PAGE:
But it was in 1999 that a big event propelled SFW and science fiction to its climax of 20th century. In July, right after college entrance examination, a piece of news appeared in China’s media that astonished most people: the subject of Composition for the University Entrance Examination was leaked. The news said that this year’s subject was ‘memory transfer’’, and as it happened SFW magazine had recently been publishing just this kind of story. Of course it later transpired that these two matters were quite coincidental. However the Chinese people realized that the Education Department was hoping to develop students’ innovative thinking. Since then, the circulation of SFW kept increasing so that over the next few years it reached some 400,000 copies per issue, its all-time record to date.

After SFW’s 20th anniversary the Chinese SF market began to become more mature in its tastes. Excellent authors and works appeared one after another. The most extraordinary writer was arguably Liu Cixin, China’s most important and influential and also best-selling SF author.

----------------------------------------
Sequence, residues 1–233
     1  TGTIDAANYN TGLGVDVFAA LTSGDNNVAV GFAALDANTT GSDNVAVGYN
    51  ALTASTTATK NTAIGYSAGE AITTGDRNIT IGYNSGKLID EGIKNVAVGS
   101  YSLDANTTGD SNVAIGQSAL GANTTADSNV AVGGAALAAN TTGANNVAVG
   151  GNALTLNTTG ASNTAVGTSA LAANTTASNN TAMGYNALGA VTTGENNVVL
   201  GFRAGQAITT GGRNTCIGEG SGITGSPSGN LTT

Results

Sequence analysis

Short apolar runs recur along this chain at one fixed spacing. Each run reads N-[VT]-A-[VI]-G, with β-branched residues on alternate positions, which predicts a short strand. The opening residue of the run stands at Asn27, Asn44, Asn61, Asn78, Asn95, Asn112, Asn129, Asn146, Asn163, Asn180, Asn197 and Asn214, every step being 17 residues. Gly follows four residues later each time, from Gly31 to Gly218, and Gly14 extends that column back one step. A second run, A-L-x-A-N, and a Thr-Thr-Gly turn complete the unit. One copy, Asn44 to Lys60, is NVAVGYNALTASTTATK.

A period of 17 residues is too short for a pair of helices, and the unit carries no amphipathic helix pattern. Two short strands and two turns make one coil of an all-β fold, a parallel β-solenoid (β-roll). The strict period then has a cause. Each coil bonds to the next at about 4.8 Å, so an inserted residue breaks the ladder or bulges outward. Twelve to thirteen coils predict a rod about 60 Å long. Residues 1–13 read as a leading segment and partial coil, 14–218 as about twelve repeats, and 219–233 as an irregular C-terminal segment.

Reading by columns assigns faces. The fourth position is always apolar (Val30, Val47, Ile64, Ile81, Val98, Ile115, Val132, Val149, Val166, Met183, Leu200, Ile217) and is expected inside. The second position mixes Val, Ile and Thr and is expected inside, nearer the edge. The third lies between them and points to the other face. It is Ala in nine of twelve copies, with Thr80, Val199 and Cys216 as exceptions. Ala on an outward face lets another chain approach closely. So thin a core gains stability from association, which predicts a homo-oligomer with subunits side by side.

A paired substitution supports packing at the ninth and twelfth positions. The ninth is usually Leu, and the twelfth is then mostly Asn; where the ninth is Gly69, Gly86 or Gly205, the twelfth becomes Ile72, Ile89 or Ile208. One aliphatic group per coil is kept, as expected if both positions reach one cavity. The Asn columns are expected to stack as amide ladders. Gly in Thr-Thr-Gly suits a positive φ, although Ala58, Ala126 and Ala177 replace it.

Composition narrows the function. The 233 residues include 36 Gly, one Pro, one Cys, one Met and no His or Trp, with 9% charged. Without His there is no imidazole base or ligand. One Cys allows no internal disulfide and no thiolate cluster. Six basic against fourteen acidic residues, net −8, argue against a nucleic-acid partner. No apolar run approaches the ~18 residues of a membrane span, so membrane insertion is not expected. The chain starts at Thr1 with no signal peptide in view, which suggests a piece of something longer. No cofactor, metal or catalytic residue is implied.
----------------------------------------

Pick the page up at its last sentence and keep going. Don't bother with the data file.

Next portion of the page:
In 2004, the SFW Group began to publish original Chinese SF novels in what was called the ‘Nebula Series’ for an older readership than is typical for SFW. The first book of this series ‘Destiny’ (written by Qian Lifang was very popular among readers and it sparked an interest in Alternate History novels. The second of this series ‘Global Lightning’ (2005) was written by Liu Cixin. Its plot begins on a strange, rainy night when ball lighting was seen by a boy and which, in a split second, incinerated his parents into ashes: yet the chairs they sat on remained miraculously cold. It was the night that changed the boy’s destiny: he would devote his whole life to unveil the nature secret that had made him an orphan. Many years later, his research on nature science was absorbed into a governmental project for a ‘New Concept Weapon’. The ball lighting he had chased was to become the ultimate weapon. When the grand power of nature confined in the weapon was released, a disc of icy blue sun rose over the desert, bathing the entire desert in its bluish light. It then transpired a never-envisioned future for all humankind, under the contemplation of universe observer, was around the corner. It was arguably China’s top SF novel of the year.